Sextus Empiricus, Against the Logicians

LCL 291: 24-25

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Sextus Empiricus

κατὰ πολὺ διενήνοχεν, ᾗ τὸ μὲν ἀπὸ ἀστείας γίνεται γνώμης, τὸ δὲ ψεύδεσθαι ἀπὸ πονηρᾶς.

46Ταῦτα καὶ περὶ τῆς ἀληθείας κατά τινας προαποδόντες, ἀκολούθως καὶ τὴν γενομένην τοῖς δογματικοῖς φιλοσόφοις διάστασιν περὶ τοῦ κριτηρίου σκοπῶμεν· ἀνάγκη γάρ ἐστι ζητοῦντας περὶ τῆς τούτου ὑπάρξεως συνεπιθεωρεῖν καὶ ὅ τι ἔστιν. 47πολλαὶ μὲν οὖν καὶ ποικίλαι διαιρέσεις φέρονται κατὰ τὸν τόπον1· ἀλλ᾿ ἡμῖν ἀπόχρη πρὸς τὸ παρὸν λέγειν ὅτι οἱ μὲν ἀνεῖλον τὸ κριτήριον οἱ δὲ ἀπέλιπον. καὶ τῶν ἀπολιπόντων τρεῖς αἱ ἀνωτάτω γεγόνασι στάσεις· οἱ μὲν γὰρ ἐν λόγῳ τοῦτο ἀπέλιπον, οἱ δὲ ἐν ταῖς ἀλόγοις ἐναργείαις,2 οἱ δὲ 48ἐν ἀμφοτέροις. καὶ δὴ ἀνεῖλον μὲν αὐτὸ Ξενοφάνης τε ὁ Κολοφώνιος καὶ Ξενιάδης ὁ Κορίνθιος καὶ Ἀνάχαρσις ὁ Σκύθης καὶ Πρωταγόρας καὶ Διονυσόδωρος, πρὸς δὲ τούτοις Γοργίας ὁ Λεοντῖνος καὶ Μητρόδωρος ὁ Χῖος καὶ Ἀνάξαρχος ὁ εὐδαιμονικὸς καὶ Μόνιμος ὁ κύων. [ἐν τούτοις δέ 49εἰσι καὶ οἱ ἀπὸ τῆς σκέψεως.]3 ὧν Ξενοφάνης μὲν κατά τινας εἰπὼν πάντα ἀκατάληπτα ἐπὶ ταύτης ἐστὶ τῆς φορᾶς, ἐν οἷς γράφει

καὶ τὸ μὲν οὖν σαφὲς οὔ τις ἀνὴρ ἴδεν, οὐδέ τις ἔσται εἰδὼς ἀμφὶ θεῶν τε καὶ ἅσσα λέγω περὶ πάντων εἰ γὰρ καὶ τὰ μάλιστα τύχοι τετελεσμένον εἰπών, αὐτὸς ὅμως οὐκ οἶδε, δόκος δ᾿ ἐπὶ πᾶσι τέτυκται.


Against the Logicians, I

that the former proceeds from a kindly intention but lying from an evil intention.

Having thus stated the views held by some concerning46 truth, let us next consider the divergent opinions which have arisen among the dogmatic philosophers concerning the criterion; for while we are investigating its existence we must also consider at the same time what, in its essence, it is. Now many47 divergent opinions of all sorts are propounded regarding this subject, but for the present it is sufficient for us to say that some have rejected, others retained the criterion. Of those who have retained it the main views are three: some have retained it in rational discourse, some in non-rational self-evident facts, some in both. Moreover, it has been rejected by48 Xenophanes of Colophon and Xeniades of Corinth and Anacharsis the Scythian and Protagoras and Dionysodorusa; and besides these, by Gorgias of Leontini and Metrodorus of Chios and Anaxarchus “the Eudaemonist” and Monimus the Cynic. [And amongst these are also the Sceptics.] And of these49 Xenophanes, according to some, took up this position by declaring all things to be non-apprehensible, as in this passageb:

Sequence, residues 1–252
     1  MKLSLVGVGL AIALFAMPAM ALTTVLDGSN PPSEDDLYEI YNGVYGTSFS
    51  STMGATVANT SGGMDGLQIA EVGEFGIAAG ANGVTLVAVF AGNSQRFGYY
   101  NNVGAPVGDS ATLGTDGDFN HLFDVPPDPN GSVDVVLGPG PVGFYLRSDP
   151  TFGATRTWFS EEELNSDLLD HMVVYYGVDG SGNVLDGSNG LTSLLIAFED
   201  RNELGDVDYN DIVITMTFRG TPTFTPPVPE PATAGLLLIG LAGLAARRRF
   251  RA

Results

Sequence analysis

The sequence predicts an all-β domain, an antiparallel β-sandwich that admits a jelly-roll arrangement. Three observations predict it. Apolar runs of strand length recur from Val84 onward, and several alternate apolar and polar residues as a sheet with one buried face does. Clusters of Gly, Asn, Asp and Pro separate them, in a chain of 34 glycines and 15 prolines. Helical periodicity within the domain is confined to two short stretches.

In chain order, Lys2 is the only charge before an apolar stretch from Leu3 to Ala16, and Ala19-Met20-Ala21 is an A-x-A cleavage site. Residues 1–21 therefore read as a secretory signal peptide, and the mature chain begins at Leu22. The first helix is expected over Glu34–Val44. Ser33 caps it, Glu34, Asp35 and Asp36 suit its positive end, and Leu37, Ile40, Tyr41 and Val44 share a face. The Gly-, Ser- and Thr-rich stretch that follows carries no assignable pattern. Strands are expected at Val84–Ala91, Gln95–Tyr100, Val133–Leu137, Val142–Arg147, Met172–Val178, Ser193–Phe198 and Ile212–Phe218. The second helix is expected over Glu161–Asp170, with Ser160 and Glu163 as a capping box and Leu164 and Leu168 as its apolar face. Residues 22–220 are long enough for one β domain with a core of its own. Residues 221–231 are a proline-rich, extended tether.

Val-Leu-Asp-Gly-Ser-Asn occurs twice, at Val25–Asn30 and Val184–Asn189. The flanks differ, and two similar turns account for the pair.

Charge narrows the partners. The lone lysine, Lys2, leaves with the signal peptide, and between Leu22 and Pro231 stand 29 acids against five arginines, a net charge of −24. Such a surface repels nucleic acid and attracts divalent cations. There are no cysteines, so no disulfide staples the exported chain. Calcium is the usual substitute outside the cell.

Yet, with respect to the gods and what I declare about all things, No man has seen what is clear nor ever will any man know it. Nay, for e’en should he chance to affirm what is really existent, He himself knoweth it not; for all is swayed by opining.

DOI: 10.4159/DLCL.sextus_empiricus-against_logicians.1935